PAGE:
A Critical Eye
Even as one who spent years critiquing his government, Adio says he’s not about to play the role of crusading journalist just for the sake of appearing radical.
“I will not take sides and I will criticize everybody,” he says. “You had the military guys on one side and the pro-democracy people on the other side. Each of them needed to be put in their place.”
For Adio, many crusading journalists undermined their own ability to report the news.
“They boxed themselves into a corner such that they couldn’t even get news from the government,” he says. “What you want to do as a journalist is that you want to have access to everybody. You have to have the facts and you have to argue from the facts.”
A voice acknowledged by both opposition and government leaders, Adio built his reputation a respected critic—earning national awards three consecutive years in the mid-1990s.
In 1995, he transferred to This Day, the leading independent newspaper in Lagos, which had until recently been Nigeria’s capital city. And not long after that, he was on his way across the Atlantic.
Coming to America
In 1997, as global opposition to Abacha’s rule mounted, This Day opened an office in New York so it could cover the overseas opposition. According to Adio, Nigerians in Britain and the U.S. brought a fervor to their protest that took advantage of their greater press freedoms.
“The things that people couldn’t say in Nigeria, they could say here,” he recalls. “At that point [Abacha] was totally deranged. He was either killing people or putting them in jail.”
In 1998, when he joined his paper’s New York office, Adio enrolled at the Columbia School of Journalism. The following year he was introduced to the Nieman program by one of his professors.
After the pressure of daily journalism, this year’s fellowship came as a welcome break. But his acceptance also came at a time when Adio felt increasingly disillusioned with how he was being treated in the U.S.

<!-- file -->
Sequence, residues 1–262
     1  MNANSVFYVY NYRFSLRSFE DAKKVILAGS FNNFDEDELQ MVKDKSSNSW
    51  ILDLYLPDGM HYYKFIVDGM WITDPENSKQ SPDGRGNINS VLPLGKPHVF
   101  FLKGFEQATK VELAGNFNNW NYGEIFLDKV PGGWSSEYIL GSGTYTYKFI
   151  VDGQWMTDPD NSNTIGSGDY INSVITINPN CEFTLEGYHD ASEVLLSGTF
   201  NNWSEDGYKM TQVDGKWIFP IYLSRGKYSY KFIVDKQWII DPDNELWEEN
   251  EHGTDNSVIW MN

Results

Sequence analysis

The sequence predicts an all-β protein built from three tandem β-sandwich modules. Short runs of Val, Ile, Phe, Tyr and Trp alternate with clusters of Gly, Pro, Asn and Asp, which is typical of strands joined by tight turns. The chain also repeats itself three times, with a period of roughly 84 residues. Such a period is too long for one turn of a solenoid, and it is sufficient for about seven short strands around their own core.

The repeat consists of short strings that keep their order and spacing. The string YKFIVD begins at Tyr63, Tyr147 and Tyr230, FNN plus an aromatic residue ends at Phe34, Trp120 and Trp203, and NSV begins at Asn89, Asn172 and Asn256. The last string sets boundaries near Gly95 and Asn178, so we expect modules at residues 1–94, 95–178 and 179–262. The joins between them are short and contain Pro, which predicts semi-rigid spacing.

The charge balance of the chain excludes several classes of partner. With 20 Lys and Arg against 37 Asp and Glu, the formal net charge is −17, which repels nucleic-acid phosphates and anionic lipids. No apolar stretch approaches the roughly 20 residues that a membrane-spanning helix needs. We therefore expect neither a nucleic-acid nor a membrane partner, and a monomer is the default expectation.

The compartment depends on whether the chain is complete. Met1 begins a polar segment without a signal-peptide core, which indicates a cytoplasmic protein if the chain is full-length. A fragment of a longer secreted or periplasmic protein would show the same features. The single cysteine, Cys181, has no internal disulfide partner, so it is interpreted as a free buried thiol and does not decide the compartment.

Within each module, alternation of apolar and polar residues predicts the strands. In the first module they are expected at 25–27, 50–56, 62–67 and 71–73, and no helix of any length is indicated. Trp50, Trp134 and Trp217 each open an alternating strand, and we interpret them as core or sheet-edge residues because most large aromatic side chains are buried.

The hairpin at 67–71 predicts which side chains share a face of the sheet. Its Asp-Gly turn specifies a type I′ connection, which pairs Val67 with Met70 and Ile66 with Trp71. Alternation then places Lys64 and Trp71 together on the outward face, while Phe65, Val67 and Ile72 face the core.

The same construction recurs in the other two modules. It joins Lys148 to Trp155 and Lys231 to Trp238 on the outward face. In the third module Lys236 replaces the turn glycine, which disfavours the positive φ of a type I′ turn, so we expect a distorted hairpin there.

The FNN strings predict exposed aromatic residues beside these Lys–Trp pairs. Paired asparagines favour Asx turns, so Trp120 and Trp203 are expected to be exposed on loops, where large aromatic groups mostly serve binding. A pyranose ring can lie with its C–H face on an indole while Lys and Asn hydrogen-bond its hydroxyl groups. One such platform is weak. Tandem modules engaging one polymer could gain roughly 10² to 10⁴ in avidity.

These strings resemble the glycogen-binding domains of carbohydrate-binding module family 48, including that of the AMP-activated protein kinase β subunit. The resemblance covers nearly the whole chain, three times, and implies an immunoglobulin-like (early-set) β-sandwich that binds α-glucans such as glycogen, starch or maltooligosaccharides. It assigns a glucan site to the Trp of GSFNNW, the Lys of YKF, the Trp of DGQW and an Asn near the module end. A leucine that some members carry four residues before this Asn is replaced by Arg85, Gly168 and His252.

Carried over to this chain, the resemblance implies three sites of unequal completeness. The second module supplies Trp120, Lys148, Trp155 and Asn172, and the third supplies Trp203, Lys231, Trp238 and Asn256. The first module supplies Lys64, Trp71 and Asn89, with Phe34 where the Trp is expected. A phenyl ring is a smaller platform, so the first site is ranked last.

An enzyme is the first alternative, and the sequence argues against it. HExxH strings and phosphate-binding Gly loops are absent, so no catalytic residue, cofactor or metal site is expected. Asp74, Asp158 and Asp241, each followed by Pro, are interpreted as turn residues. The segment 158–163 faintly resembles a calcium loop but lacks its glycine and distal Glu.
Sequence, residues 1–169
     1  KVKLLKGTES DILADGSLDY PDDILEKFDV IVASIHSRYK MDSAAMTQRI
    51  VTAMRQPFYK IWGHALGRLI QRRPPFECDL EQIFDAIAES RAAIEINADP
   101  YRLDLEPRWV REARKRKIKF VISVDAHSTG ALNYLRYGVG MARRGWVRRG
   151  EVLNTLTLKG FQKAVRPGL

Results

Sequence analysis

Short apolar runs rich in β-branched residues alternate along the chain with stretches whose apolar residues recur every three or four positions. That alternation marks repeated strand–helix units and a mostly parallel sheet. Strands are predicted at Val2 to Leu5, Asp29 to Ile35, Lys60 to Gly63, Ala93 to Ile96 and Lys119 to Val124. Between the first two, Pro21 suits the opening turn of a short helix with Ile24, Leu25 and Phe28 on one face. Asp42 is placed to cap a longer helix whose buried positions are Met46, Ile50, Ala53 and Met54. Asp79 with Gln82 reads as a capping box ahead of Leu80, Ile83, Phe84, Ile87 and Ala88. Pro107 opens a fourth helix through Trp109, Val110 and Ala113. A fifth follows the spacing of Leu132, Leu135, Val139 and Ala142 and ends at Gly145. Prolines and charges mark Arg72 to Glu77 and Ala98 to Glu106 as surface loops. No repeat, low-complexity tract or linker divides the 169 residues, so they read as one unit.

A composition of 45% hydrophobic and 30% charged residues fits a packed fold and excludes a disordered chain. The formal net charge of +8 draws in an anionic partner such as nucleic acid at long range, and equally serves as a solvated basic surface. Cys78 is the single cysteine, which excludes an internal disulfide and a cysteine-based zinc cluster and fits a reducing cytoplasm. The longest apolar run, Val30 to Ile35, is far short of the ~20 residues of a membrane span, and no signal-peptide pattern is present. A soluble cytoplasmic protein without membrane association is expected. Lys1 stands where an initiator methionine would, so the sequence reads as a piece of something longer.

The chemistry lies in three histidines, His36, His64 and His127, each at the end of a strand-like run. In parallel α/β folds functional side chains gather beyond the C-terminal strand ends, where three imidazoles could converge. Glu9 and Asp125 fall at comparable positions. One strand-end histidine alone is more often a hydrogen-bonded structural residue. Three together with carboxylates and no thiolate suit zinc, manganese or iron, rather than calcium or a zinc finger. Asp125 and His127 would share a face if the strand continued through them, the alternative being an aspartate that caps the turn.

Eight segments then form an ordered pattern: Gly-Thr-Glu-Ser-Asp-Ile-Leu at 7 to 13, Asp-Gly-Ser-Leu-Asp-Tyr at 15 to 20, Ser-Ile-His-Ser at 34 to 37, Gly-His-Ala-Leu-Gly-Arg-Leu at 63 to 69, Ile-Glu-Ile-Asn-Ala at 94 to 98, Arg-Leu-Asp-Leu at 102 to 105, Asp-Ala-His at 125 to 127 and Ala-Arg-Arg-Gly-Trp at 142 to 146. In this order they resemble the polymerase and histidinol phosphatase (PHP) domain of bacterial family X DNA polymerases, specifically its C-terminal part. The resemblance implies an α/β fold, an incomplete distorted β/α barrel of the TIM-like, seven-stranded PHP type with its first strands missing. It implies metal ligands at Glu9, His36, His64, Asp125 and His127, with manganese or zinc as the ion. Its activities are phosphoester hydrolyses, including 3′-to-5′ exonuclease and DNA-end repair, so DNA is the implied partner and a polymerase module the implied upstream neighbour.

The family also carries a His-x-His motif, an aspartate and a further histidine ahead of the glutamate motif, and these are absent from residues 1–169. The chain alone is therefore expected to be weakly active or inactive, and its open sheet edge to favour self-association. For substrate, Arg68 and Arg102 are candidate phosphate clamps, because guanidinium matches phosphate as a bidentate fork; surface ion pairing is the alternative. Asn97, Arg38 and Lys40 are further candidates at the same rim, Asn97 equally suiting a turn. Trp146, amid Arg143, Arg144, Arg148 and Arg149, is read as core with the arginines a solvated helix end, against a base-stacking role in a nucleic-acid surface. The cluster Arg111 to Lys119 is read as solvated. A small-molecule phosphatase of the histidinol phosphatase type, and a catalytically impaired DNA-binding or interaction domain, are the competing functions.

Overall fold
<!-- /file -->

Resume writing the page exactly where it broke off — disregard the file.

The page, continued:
“The limited interaction I had with Americans outside the course of work didn’t encourage me to stay here,” he says. “I had experience. I had gotten some sort of a reputation in Nigeria. I come to this society and they ask, ‘Can you speak English?’”
“The thing about America is that people are so arrogant they don’t believe that you know anything,” he continues. “And so you say, ‘OK, by the time I get into the system, I will show them I know something.’”
Adio says he was not alone in being discouraged at the reception of journalists from the developing world.
“If you have several years of experience in Ghana or Nigeria or anywhere, you don’t want to come here and start off as an intern,” he says.
“Believe me,” he adds, “I know the best of the journalists from Nigeria who were educated here in the ’80s—they are doing odd jobs in New York because nobody was ready to give them a chance. Because nobody thought they knew anything at all.”
As Adio worked toward acceptance in the U.S., the political climate in his native country changed drastically. Abacha died in 1998, and Adio sees the potential for democracy to take root in his native country both as a gift and as a challenge to Nigerian journalists.
“An atmosphere of freedom actually put more responsibility on you as a journalist,” he says. “You have a lot of work to do as part of the reconstruction of that society.”
So now, after four years abroad, Adio is preparing to return to Nigeria and cover the country’s tender political situation.
“If you want to be an agent of change,” he says, “you can’t do it from a distance.”
—Staff writer S. Chartey Quarcoo can be reached at firstname.lastname@example.org.